I live in Vickery Meadow, a Dallas neighborhood of survivors.

people taking the bus at first light to get to a job downtown. the clockwork 506 to Park Lane that you may or may not have to pay for depending on who’s driving. day workers in parking lots, homeless men behind buildings, working girls with their heads held high because there’s nothing in this neighborhood to be ashamed of.

it is piss and stench and open fields of flowers, cleaner the further away you move from the sidewalk. two stickers peel like fading tattoos, ‘dystopia’ in script on a black and white lion is de facto gatekeeper. the police cars in your rearview and sideview and in front of you wait for sudden movement. men do the same, catcall and love the thrill of chase just the same. my neighborhood is full of women who don’t answer to sirens.

afternoon stampedes of pre-teens and teens from the schools built like anchors, laughing and swearing and getting into no trouble at all. tejano and hip hop fills the block at night and party together with our families. grandmother to grandchild in a two-bedroom apartment with only one adult on the lease because that’s all you need.

they are gentrifying my neighborhood in silence.

leasing companies buy aging properties and rebrand them with higher rental rates. strip malls fenced for being too ‘crime-ridden’. [read: commercial properties torn down because they are afraid, in the day time, of black folks sitting in front of property like it’s their own. like they live there. like they’re comfortable with the shadows.] the principal characters pulled out of your dime store mystery paperback – councilwoman with connections to real estate developers, businessman with ill-formed and racist ideals of crime, a police department/security firm lining their pockets – all with an imagined idea of my neighborhood.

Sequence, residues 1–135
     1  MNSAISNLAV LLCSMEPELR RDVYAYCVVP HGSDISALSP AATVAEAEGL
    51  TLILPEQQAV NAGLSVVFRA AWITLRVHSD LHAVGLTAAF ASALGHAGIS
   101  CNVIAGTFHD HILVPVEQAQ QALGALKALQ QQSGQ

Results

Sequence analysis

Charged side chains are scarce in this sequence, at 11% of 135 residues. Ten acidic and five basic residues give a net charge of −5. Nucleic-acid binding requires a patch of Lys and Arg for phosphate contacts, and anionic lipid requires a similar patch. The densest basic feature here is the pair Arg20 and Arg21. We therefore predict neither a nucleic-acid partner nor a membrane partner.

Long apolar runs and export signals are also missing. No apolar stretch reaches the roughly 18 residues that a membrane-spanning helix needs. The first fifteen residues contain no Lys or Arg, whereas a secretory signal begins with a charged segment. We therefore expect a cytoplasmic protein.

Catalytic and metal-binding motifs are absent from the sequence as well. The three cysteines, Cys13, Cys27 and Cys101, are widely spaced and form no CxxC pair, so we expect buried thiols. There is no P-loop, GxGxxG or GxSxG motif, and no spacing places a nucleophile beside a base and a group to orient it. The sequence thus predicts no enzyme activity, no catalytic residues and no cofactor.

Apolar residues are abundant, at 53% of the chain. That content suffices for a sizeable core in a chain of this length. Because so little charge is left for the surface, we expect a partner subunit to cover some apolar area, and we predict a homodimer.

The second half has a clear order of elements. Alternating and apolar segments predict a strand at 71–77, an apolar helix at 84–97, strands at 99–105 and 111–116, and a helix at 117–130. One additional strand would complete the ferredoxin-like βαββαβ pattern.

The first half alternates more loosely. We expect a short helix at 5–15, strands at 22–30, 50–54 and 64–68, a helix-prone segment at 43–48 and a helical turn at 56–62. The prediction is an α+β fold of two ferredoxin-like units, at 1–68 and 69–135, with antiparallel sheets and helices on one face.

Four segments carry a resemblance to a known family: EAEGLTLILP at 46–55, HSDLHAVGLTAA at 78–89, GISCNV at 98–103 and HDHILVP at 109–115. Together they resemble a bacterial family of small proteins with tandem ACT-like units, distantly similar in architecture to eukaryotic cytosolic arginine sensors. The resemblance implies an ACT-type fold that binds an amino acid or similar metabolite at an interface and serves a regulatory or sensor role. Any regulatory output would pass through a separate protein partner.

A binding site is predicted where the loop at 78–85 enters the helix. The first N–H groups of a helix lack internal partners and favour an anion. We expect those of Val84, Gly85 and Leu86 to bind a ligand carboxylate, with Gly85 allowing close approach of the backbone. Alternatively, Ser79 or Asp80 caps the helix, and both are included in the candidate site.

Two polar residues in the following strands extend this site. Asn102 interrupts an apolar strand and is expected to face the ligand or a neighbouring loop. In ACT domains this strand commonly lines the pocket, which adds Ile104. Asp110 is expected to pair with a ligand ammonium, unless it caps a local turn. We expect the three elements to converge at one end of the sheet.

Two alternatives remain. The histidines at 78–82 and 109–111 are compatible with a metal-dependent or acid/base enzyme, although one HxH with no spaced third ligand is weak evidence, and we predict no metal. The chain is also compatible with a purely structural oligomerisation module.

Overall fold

now, they do unwarranted document searches to make room for the people who will never call it home. just temporary, building block, cracking foundation, side street shortcut to where they really want to go. happy hour at Applebee’s. bike trail at White Rock Lake. Top Golf business lunches. two blocks from the local weed man’s third lease. four blocks from the small businesses, community initiatives and gardens where residents grow native survival herbs to cook for dinner.

with the impending loom of progression, with the outsiders branding Vickery Meadow unsafe to live in but profitable to exploit. when we didn’t ask for an upgrade or a Starbucks or a goddamn R.E.I., never needed one. only needed each other and a bus pass and a familiar street. always had everything we needed within walking distance.

Princess McDowell is a poet, writer and journalist from Dallas, Texas, and Rebellious Magazine's Special Projects Editor. She's also a cohost of the Feminist Erotica Podcast. As a writer-in-rebellion,...

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